Henry isn't portrayed as a killer, though, or even a very passionate crook. He's more of an opportunist; he takes what he needs without any rationalization or remorse. Yet he never seems to fully participate in the action; he floats along with pals like Tommy (Joe Pesci) and Jimmy (Robert De Niro) as they execute their capers. He helps them heist trucks, he helps them bury a man Tommy kills (then later helps dig him up when they have to move the body), and even helps them pull off the Lifthansa heist, which at that time was the biggest score in U.S. history.
But through it all, Henry is aloof. The only time he seems fully engaged is when he pistol-whips a young man who hits on Karen (Lorraine Bracco), the girl he's seeing. But Scorsese doesn't develop the ambivalence at the core of Henry's character. Henry seems repulsed by only the most monstrous behavior, such as when Tommy, who's a genuine psychopath, shoots a teenager at the club for being slow with the drinks. Morally, he's inert, and this lack of a compelling center is devastating to the film.
In fact, all the characters in "GoodFellas" seem lacking in dimension. Scorsese's development as a dramatist hasn't kept pace with his technical growth. He has the eye of a genius, and the heart, but not the brain. In creating his characters, he reduces them to their basic drives and doesn't allow us to look inside them; they are what they are and that's it. We're told, for example, that Jimmy loves to steal, but that's all we ever know about him.
De Niro's performance is a perfect mirror of Scorsese's work. It's fascinating, entertaining, sometimes astounding -- and empty. Liotta, too, seems only to inhabit the surface of his character; he gives us only Henry's veneer. Bracco is a source of dark turbulence in the film, but we don't see enough of her, and we never know whether she loves her husband or just hangs on because the money's good. Even Pesci, who gives the film's deepest, most volatile performance, can't burrow in and give us a true sense of the man he plays.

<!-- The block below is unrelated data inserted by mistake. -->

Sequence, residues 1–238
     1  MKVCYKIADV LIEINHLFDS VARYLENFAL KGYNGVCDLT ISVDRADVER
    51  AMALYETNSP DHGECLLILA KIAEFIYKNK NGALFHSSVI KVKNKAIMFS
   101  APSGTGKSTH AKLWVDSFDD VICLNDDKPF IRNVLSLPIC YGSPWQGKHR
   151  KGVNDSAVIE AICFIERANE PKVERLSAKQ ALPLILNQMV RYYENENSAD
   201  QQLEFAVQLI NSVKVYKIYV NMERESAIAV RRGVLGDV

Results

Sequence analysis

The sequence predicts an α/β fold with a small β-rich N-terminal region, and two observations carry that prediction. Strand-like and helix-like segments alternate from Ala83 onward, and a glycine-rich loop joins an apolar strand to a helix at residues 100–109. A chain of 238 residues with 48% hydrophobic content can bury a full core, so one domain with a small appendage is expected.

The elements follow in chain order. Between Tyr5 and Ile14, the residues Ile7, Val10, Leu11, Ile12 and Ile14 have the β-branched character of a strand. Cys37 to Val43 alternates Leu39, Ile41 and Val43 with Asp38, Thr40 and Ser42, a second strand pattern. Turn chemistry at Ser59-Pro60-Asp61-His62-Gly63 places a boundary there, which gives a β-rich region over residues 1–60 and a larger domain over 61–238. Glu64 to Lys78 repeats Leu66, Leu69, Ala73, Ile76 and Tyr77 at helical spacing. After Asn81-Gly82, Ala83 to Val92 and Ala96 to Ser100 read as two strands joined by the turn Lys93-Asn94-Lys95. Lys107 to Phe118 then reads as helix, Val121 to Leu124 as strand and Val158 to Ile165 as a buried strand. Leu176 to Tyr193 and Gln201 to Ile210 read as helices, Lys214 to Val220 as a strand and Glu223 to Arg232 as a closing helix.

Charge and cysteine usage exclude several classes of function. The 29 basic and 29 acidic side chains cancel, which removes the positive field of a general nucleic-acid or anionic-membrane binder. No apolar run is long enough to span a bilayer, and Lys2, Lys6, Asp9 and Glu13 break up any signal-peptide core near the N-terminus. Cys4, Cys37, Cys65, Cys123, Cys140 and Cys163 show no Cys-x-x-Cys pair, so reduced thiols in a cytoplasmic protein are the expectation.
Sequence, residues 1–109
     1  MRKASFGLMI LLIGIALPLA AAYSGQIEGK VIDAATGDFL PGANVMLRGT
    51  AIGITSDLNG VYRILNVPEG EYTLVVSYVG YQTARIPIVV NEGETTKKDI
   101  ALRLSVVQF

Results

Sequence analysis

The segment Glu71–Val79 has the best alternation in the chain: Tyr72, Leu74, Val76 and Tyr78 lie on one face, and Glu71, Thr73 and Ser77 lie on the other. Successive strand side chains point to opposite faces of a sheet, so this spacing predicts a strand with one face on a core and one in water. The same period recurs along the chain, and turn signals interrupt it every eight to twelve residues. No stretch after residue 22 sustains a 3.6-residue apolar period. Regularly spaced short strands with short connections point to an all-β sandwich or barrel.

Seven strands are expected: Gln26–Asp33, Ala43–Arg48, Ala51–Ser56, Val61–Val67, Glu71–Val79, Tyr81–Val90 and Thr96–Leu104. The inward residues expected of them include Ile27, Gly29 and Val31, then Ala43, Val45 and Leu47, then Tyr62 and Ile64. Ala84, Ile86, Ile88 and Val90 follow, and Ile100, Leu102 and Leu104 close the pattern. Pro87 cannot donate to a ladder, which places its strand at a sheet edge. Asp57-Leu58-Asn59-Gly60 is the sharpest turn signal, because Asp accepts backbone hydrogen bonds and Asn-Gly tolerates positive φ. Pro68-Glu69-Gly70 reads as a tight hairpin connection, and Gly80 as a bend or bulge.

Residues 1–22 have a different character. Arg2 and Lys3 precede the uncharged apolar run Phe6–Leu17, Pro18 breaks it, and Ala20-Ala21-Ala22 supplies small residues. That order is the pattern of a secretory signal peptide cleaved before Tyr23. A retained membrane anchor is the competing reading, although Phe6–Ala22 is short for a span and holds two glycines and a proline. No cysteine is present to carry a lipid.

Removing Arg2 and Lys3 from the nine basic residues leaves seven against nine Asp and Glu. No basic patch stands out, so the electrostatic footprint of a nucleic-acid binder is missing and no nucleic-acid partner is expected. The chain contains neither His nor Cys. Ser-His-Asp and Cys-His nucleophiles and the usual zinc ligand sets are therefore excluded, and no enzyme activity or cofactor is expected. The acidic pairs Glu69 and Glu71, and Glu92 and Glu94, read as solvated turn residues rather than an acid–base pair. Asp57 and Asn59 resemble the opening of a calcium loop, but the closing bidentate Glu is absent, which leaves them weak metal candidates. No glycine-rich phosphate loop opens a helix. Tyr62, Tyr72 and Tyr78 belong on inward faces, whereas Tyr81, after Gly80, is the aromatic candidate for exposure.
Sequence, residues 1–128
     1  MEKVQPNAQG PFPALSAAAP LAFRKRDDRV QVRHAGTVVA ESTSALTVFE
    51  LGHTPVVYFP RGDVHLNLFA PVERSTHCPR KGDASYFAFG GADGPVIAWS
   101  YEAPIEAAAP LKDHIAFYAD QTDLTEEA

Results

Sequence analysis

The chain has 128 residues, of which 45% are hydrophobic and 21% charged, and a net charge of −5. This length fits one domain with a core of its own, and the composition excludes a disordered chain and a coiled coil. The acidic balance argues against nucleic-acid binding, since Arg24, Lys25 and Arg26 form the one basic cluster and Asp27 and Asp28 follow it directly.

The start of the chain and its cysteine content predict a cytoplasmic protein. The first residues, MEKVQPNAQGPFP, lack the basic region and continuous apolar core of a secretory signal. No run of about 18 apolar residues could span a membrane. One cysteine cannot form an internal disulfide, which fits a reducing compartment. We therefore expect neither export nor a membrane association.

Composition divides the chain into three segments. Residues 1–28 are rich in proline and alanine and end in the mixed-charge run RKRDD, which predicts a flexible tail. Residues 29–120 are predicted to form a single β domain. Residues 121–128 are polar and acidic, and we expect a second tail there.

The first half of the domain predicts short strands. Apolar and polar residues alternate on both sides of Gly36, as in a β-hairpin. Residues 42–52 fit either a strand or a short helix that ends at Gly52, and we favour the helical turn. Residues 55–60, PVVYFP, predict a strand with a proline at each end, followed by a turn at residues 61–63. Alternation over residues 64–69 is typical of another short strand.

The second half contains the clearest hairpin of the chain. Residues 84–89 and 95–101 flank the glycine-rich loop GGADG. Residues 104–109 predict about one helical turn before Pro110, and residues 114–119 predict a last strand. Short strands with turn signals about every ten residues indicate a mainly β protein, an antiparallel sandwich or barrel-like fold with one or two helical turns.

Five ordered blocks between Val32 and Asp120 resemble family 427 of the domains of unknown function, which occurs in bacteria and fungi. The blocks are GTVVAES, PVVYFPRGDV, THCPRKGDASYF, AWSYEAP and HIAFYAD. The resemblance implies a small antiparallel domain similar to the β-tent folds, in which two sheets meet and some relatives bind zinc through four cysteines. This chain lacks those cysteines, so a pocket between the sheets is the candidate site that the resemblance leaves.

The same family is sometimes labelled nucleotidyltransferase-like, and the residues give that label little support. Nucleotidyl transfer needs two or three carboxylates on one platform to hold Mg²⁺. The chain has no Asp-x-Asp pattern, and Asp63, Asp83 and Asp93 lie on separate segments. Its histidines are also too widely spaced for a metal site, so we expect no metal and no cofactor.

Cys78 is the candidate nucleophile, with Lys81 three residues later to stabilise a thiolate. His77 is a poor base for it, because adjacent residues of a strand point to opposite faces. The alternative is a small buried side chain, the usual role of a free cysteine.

This approach avoids any facile psychological explanations or moral judgments, and perhaps by staying in neutral morally, Scorsese may have felt that he was functioning as a journalist and objectively reporting the facts, the way Pileggi did. But the director's psychological blankness feels facile in another way; it feels simplistic and reductive. And because we don't really know who these people are, we can't identify with them. This means that Scorsese can't really dramatize their stories either; he can only chronicle them. Like Henry, he seems aloof, coolly disengaged.
This dispassionate spirit matches up strangely with the director's passionate, enthrallingly hot style. The only real drama is in his technique, in what this dervish moviemaker is going to put on the screen next.
Scorsese's virtuosic staging isn't merely decorative. In one scene he has Henry take Karen into the Copa, marching through back hallways like a visiting potentate, slipping tips to everyone, winding through the kitchen and out to the maitre d', who takes them to a table right up front -- all in one long, mesmerizing take. And all the while, as Michael Ballhaus's camera pulls us deeper into the club, you can feel Karen being drawn deeper under Henry's spell, into the life. It's a perfect shot, compressing an amazing amount of information into a brief few minutes of film. And "GoodFellas" is a movie full of this kind of brilliance -- perfect moments. But even while you're marveling at it, you're distracted because you don't know what to make of it.
GoodFellas, at area theaters, is rated R and contains scenes of graphic violence, obscenity and drug use.